orse shows are many things: fierce competition, adrenaline spiking spectator events, guilty pleasure style food, and social gatherings. While most of us are there to compete - and compete well - we’re also there to enjoy doing the sport that we love, at any level. The problem with the multi-faceted offerings of horse sport events is that they come with a myriad of distractions. We all have specific distractors that can throw us off our game, whether it’s inducing stage fright or simply taking up too much of your much-needed brain power. The good news is that we can totally train our brains to keep laser-sharp focus no matter how distracting the situation may be (thinking of you lady with three dogs and a baby stroller on the side of the ring).
A few years ago, a client of mine was able to compete at two major events in Europe - this was a big deal for her, and rightly so. But with that exciting invitation came a lot of distraction - her friends and family wanted to come to watch, which she really enjoyed, but she also needed to stick to her routines in order to stay focused. So, we discussed how to best communicate with everyone on her team, as well as with friends and family. She let them know when she would be available, and when she wouldn’t be. This created clarity and understanding for everyone involved. Remember: your tribe wants to see you succeed. All you need is to tell them how to best support you.
Many studies have been done about what happens to our brains when we are on (or even just around) our smartphones - aka, all the damn time. Some studies have shown that our phones can actually have a negative impact on mental activities, such as targeted attention and problem-solving. In order to focus deeply, we need our prefrontal cortex (a structure in the front of our brain) to quiet down the rest of the brain. When our prefrontal cortex, which works kind of like a muscle, is under-developed because it’s always at the mercy of the iPhone gods, it’s time to get with a workout regime. Train your brain by staying focused on one thing for a set amount of time, like following your breath or staring at a point in front of you. Each time you get distracted by thoughts or noises, just go back to your focus point. By training your brain to block out distractions and un-learn obsessive multitasking, you’ll be able to develop and use your new superpower in the show ring.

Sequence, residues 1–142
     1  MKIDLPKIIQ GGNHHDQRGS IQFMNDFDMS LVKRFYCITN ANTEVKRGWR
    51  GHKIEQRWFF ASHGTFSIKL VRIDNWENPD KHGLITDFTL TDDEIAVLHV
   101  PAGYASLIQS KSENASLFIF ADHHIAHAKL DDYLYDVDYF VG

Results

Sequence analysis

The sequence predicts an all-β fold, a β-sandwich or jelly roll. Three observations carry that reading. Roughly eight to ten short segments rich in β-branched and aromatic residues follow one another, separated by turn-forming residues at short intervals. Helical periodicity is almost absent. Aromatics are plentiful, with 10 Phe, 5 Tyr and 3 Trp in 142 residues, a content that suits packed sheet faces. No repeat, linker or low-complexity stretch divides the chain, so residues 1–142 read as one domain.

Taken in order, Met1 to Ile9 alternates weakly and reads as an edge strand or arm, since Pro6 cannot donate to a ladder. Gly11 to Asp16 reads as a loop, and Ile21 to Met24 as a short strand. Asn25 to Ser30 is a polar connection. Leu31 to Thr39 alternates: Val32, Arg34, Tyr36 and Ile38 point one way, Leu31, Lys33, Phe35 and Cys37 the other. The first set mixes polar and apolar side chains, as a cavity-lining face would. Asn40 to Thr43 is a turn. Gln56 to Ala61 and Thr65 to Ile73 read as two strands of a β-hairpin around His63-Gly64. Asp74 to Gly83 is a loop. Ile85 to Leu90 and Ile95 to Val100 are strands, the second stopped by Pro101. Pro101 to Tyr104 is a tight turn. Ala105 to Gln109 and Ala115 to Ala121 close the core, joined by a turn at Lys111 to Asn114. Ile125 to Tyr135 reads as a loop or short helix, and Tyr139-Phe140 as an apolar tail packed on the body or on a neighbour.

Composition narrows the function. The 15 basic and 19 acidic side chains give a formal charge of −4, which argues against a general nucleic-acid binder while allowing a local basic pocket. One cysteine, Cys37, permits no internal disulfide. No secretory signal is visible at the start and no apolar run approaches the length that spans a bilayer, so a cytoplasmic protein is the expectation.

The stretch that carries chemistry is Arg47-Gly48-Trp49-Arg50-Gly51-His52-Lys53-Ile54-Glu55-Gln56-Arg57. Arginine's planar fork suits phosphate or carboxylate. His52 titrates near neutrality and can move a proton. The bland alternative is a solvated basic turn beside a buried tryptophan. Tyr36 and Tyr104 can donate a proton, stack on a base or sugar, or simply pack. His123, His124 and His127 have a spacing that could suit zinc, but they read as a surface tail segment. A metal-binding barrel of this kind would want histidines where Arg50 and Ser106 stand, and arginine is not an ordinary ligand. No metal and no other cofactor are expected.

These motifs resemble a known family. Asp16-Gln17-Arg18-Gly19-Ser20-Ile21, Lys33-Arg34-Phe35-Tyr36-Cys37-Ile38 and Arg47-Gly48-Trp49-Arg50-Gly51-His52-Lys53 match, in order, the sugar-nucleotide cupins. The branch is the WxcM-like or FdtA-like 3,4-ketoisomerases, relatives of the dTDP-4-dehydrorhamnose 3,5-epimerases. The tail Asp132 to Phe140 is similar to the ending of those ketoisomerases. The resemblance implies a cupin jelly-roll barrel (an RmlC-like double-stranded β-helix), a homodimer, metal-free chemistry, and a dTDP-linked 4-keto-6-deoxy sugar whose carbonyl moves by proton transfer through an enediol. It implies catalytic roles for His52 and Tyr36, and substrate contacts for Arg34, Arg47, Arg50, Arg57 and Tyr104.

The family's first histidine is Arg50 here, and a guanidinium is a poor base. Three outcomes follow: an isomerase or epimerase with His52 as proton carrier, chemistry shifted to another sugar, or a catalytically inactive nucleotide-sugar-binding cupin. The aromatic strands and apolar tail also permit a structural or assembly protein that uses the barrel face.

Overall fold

Even our own thoughts can be a massive distraction, especially when you consider we have about 50 to 70 thousand going through our minds every day! However, you do have power over your thoughts - at least to a certain extent. Try and be still at least once a day and take the time to ‘observe’ your thoughts as if they were clouds passing by in the sky. Encourage useful thoughts and let negative or distracting ones simply pass by into the horizon, without judgment. If you keep thinking about french fries, that’s fine, just observe that. Over time and with greater awareness, you will realize you have much more control over your thoughts than you thought, and you’ll be able to more easily get out of your head and settle into your mission once on course. If you regularly do battle with your nerves, try boosting your confidence with a mental makeover.
With success comes the media, and the media wants your closeup, you fancy thing you. When you’re competing at a certain level, you have more people watching you, cheering you on, and wanting your attention - like reporters requesting an interview. Make sure you keep prioritizing what is most important and to stick to your routines and decide what can wait until after you are finished. Don’t plan an interview before a big Grand Prix, for example - wait until after. A supportive media is great and good for the sport, but they’ll be happy to wait until it’s the right time for you.
Perhaps one of the biggest distractions to riders is people watching ringside. It might seem so innocent, yet many of my clients mention they would rather not spot certain people on the side of the ring. I personally think this comes from a fixed mindset - if you feel like you need to prove yourself in order to be liked or respected, you add a lot of unhelpful pressure to your riding. The truth is, there will always be people who have something negative to say or make doubtful and unhelpful comments about your riding, or just plain make you feel nervous. We can’t control the opinions of others, and your only job is to ride the best that you can on that particular day, in that particular class. Shift your focus from wanting to prove yourself to wanting to improve yourself. Keep your focus close - this sport is only about you and your horse. Forget the haters, and ride for you.
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